Active energy storage for EV charging

DISCLAIMER: All opinions in this column reflect the views of the author(s), not of EURACTIV Media network.

Energy storage can contribute immediately to problems that EVs and their associated infrastructure face today, writes Ian McClenny. [avda-foto / Flickr]

Among alternative fuel vehicles, electric cars are the best positioned to overcome refuelling infrastructure challenges, writes Ian McClenny. The difficulty lies in having sufficient vehicle charging availability to reduce consumer’s range anxiety, he argues.

Ian McClenny is lead analyst for Navigant Research’s Advanced Batteries Innovations research service. His latest report investigates energy storage options for EV charging.

Historically, the private sector has faced challenges in developing profitable business models for charging infrastructure. Consequently, early charging infrastructure buildouts in Europe were largely financed by government programs in anticipation of increased EV availability and sales. From Western to Eastern Europe, infrastructure buildouts vary significantly. Some countries have built out comprehensive direct current (DC) networks quickly, while others follow the mixed alternating current (AC)/DC approach taken by the US.

Of note, in December 2017, the European Parliament and member states came to an agreement over revised rules regulating energy performance in buildings. The Energy Performance of Buildings Directive requires in part the installation of at least one EV charging station in new or renovated large commercial and industrial (C&I) buildings. The law also requires that one in five parking spots in these C&I spaces be equipped with the proper infrastructure to allow the streamlined installation for future charging sites.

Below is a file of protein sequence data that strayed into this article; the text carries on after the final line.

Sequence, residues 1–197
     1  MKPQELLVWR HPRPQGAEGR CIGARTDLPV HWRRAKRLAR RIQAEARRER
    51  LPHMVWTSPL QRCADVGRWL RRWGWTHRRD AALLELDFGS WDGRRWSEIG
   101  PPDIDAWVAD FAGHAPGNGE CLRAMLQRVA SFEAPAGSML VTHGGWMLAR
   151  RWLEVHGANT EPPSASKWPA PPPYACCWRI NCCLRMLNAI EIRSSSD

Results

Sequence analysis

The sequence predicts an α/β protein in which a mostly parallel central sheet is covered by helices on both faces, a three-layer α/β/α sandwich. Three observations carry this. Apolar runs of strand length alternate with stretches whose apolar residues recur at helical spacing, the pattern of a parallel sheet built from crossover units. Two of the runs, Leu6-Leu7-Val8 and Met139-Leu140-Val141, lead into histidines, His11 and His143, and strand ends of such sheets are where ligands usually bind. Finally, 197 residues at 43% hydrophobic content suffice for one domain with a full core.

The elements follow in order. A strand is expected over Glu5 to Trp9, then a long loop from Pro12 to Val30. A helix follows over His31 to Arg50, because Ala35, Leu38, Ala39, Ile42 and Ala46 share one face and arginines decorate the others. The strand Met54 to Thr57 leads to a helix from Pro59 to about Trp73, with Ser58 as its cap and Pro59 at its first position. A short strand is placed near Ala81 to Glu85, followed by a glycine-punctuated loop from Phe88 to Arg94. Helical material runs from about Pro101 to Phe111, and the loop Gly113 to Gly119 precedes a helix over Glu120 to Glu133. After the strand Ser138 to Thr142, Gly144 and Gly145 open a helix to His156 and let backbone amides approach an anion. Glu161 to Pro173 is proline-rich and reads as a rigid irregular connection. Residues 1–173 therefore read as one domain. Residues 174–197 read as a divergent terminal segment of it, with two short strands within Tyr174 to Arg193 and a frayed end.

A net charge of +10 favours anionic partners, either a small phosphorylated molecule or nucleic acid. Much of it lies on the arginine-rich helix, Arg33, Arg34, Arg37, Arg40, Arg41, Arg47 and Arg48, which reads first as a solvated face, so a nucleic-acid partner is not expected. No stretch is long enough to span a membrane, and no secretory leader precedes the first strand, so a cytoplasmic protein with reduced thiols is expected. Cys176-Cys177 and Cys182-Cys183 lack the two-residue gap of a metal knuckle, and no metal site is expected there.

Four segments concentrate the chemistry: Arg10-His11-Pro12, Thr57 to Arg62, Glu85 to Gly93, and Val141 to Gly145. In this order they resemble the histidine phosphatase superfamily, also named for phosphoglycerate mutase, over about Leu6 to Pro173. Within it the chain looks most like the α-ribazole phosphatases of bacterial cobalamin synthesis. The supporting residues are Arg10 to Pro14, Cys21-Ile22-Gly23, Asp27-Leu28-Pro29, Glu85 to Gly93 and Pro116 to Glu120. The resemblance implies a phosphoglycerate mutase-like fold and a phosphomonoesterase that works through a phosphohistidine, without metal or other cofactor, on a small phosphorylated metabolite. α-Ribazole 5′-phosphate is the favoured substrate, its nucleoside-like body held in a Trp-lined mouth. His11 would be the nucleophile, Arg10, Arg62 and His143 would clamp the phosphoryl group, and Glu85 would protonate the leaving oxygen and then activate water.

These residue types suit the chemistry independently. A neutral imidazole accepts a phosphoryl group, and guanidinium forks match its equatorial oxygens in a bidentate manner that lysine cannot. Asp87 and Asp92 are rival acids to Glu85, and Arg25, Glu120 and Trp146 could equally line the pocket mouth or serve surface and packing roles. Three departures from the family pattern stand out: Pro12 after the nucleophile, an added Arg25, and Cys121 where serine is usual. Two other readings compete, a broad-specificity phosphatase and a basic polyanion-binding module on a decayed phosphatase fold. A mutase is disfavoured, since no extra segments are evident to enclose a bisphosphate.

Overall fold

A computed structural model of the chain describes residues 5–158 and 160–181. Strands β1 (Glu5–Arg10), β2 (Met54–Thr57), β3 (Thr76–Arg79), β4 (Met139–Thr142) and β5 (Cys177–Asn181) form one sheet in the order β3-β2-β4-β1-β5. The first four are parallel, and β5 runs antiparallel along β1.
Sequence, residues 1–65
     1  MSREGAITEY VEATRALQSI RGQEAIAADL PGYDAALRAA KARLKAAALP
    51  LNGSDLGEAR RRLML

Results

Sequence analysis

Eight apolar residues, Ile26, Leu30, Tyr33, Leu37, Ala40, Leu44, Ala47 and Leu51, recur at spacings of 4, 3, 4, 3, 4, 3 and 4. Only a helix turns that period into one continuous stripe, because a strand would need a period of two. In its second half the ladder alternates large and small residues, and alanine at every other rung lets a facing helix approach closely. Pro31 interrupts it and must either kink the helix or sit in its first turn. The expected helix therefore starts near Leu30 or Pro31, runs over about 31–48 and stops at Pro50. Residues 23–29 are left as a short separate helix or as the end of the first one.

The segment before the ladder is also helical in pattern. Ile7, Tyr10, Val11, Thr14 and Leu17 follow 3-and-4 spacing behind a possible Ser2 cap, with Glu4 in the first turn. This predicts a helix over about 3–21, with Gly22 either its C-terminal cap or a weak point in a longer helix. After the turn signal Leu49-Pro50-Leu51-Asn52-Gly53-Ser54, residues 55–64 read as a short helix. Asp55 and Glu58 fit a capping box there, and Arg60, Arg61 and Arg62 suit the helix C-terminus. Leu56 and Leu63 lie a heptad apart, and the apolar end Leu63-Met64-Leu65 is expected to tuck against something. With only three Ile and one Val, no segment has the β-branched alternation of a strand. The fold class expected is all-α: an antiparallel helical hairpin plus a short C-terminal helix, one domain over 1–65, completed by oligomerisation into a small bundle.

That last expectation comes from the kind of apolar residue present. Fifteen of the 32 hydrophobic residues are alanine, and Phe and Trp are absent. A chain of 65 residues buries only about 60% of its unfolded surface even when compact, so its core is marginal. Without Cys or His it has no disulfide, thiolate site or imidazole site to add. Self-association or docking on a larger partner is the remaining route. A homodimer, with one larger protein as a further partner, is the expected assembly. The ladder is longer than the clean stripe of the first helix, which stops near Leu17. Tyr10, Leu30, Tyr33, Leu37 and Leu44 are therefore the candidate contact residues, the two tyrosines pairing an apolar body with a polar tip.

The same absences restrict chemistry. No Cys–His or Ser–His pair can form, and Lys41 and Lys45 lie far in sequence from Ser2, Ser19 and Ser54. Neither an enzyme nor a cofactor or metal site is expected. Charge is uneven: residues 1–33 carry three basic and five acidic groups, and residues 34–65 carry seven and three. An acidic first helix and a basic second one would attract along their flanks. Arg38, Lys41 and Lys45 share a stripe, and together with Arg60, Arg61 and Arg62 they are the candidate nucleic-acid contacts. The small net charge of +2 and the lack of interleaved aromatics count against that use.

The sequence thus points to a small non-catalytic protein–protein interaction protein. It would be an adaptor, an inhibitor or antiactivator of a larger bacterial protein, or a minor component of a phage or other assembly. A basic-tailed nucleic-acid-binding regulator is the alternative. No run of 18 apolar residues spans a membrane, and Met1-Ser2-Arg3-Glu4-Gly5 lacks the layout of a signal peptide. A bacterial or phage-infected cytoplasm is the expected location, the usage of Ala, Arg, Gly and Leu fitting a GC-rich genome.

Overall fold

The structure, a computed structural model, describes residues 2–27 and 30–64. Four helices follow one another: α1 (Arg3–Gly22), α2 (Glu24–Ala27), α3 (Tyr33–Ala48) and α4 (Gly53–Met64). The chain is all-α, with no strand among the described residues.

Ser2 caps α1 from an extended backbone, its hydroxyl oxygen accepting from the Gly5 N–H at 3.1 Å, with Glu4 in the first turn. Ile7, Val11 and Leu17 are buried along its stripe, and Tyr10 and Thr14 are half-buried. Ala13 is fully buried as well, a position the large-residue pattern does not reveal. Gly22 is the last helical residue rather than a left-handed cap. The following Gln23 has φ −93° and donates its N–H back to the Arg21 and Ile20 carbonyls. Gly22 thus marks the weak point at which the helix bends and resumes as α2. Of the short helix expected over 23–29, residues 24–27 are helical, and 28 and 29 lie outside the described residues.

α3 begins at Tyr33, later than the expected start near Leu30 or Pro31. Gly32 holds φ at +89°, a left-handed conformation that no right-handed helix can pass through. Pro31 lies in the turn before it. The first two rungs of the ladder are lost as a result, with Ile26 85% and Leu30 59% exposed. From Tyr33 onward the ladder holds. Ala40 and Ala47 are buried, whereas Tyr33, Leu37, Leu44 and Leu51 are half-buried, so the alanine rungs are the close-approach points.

Though this ruling may have marginal implications to the building owner and energy service provider, the high visibility of these charging points will be key to raising public awareness. Education surrounding the benefits of EVs and their associated infrastructure is a major hurdle that participants in the value chain have been pushing to increase across global markets. Markedly, a 2014 survey conducted by the US Department of Energy concluded that employees that visibly see charging stations available at their place of work are about 20 times more likely to purchase an EV.